2. If you’d like a taste of indirect normativity before the chapter on it, the LessWrong wiki page on coherent extrapolated volition links to a bunch of sources.

3. The idea of ‘indirect normativity’ (i.e. outsourcing the problem of specifying what an AI should do, by giving it some good instructions for figuring out what you value) brings up the general question of just what an AI needs to be given to be able to figure out how to carry out our will. An obvious contender is a lot of information about human values. Though some people disagree with this—these people don’t buy the orthogonality thesis. Other issues sometimes suggested to need working out ahead of outsourcing everything to AIs include decision theory, priors, anthropics, feelings about pascal’s mugging, and attitudes to infinity. MIRI’s technical work often fits into this category.

4. Danaher’s last post on Superintelligence (so far) is on motivation selection. It mostly summarizes and clarifies the chapter, so is mostly good if you’d like to think about the question some more with a slightly different framing. He also previously considered the difficulty of specifying human values in The golem genie and unfriendly AI (parts one and two), which is about Intelligence Explosion and Machine Ethics.

5. Brian Clegg thinks Bostrom should have discussed Asimov’s stories at greater length:

I think it’s a shame that Bostrom doesn’t make more use of science fiction to give examples of how people have already thought about these issues – he gives only half a page to Asimov and the three laws of robotics (and how Asimov then spends most of his time showing how they’d go wrong), but that’s about it. Yet there has been a lot of thought and dare I say it, a lot more readability than you typically get in a textbook, put into the issues in science fiction than is being allowed for, and it would have been worthy of a chapter in its own right.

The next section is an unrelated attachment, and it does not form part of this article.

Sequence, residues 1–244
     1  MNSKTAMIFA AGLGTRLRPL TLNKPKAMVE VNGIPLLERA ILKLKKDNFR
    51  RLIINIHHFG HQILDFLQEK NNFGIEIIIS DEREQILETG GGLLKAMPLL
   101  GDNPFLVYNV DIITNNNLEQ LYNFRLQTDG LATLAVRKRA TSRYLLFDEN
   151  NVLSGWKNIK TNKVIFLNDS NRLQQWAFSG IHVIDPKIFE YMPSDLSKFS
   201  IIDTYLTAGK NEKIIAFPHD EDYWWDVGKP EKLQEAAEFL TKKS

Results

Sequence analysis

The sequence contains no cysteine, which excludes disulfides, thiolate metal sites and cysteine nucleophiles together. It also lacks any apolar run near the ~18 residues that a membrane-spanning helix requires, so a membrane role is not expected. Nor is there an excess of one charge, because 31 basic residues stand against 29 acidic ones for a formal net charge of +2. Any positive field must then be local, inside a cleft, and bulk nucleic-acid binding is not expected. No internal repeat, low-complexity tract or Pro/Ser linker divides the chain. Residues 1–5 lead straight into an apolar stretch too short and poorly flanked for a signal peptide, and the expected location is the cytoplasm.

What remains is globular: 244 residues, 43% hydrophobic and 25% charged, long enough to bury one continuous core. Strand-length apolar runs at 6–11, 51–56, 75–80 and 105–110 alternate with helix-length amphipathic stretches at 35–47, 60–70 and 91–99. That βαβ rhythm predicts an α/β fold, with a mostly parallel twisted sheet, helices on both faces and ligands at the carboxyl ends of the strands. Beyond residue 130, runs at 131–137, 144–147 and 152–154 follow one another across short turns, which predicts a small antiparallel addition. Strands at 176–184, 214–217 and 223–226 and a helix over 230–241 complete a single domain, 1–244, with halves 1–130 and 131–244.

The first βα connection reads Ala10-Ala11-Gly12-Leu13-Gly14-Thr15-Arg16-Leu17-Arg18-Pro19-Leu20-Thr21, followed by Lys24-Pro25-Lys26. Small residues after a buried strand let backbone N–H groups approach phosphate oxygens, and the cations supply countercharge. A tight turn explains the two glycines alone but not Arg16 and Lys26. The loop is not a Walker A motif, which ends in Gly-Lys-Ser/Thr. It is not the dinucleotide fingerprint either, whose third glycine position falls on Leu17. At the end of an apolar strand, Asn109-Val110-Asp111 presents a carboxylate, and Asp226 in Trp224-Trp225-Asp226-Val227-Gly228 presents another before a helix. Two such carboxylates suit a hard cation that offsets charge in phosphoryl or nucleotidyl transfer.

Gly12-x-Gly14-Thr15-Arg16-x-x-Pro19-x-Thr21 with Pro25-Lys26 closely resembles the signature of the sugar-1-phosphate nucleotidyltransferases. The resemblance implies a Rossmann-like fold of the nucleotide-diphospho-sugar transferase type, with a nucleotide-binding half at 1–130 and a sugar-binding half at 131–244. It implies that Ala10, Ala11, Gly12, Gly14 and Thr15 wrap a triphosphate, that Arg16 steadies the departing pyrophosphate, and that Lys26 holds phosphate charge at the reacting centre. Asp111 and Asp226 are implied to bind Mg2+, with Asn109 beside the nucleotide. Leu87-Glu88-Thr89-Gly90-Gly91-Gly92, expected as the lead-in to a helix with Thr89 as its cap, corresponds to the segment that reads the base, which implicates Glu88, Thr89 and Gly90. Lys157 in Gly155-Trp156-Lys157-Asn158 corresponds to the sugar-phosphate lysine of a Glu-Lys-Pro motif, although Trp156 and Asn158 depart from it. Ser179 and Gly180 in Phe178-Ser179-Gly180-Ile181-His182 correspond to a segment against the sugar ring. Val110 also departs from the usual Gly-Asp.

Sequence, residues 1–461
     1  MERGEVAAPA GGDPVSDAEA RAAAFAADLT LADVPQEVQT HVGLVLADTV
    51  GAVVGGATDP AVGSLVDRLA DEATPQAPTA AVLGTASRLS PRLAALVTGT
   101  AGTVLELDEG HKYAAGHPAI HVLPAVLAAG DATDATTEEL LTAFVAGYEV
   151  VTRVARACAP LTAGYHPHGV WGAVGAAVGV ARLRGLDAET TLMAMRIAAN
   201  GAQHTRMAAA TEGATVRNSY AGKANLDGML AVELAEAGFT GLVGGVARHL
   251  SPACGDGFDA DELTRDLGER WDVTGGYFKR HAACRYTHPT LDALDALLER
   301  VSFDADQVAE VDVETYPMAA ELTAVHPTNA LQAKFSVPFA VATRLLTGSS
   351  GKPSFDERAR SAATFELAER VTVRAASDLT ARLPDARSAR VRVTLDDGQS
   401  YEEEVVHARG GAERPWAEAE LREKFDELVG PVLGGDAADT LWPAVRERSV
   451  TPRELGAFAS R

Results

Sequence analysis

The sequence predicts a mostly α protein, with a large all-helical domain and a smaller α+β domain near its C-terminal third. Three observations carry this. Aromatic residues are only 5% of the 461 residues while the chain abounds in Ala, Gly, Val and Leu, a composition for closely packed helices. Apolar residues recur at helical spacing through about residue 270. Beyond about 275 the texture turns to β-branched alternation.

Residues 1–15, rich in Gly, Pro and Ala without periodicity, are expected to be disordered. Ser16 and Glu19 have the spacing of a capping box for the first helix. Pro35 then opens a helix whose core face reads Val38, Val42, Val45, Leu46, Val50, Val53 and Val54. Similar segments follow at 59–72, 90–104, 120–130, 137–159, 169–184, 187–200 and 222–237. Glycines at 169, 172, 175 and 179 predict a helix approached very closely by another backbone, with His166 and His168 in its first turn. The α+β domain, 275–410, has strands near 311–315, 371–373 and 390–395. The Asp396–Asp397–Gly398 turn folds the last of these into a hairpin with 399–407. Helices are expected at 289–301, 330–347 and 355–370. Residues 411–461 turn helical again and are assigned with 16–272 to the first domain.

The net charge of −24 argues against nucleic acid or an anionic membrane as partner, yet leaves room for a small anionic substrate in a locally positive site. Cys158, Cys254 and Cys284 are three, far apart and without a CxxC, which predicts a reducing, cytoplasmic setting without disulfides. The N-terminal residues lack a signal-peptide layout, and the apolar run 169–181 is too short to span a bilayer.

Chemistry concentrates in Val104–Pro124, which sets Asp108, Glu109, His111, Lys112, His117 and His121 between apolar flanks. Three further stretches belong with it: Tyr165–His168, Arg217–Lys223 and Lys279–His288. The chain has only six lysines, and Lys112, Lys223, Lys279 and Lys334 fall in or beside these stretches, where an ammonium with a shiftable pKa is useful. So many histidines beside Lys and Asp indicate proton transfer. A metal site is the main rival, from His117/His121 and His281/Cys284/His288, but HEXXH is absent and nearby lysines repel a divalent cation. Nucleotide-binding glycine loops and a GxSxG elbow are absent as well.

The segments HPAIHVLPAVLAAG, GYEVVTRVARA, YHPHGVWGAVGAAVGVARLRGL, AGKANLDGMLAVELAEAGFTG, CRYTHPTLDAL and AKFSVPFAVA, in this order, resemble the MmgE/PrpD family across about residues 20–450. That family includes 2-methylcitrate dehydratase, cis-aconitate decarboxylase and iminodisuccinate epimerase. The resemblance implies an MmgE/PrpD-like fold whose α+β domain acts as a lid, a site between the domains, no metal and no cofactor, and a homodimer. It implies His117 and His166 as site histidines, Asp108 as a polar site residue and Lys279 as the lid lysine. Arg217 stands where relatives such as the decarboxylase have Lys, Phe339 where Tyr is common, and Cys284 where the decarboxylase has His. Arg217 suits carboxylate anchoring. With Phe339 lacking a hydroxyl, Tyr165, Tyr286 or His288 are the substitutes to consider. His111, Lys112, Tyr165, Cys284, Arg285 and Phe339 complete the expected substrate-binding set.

If you haven’t already, you might consider (sort-of) following his advice, and reading some science fiction.

In-depth investigations

If you are particularly interested in these topics, and want to do further research, these are a few plausible directions, some inspired by Luke Muehlhauser’s list, which contains many suggestions related to parts of Superintelligence. These projects could be attempted at various levels of depth.

  1. Can you think of novel methods of specifying the values of one or many humans?

  2. What are the most promising methods for ‘domesticating’ an AI? (i.e. constraining it to only care about a small part of the world, and not want to interfere with the larger world to optimize that smaller part).

  3. Think more carefully about the likely motivations of drastically augmenting brain emulations

If you are interested in anything like this, you might want to mention it in the comments, and see whether other people have useful thoughts.

How to proceed

This has been a collection of notes on the chapter. The most important part of the reading group though is discussion, which is in the comments section. I pose some questions for you there, and I invite you to add your own. Please remember that this group contains a variety of levels of expertise: if a line of discussion seems too basic or too incomprehensible, look around for one that suits you better!

Next week, we will start to talk about a variety of more and less agent-like AIs: ‘oracles’, genies’ and ‘sovereigns’. To prepare, read Chapter “Oracles” and “Genies and Sovereigns” from Chapter 10. The discussion will go live at 6pm Pacific time next Monday 22nd December. Sign up to be notified here.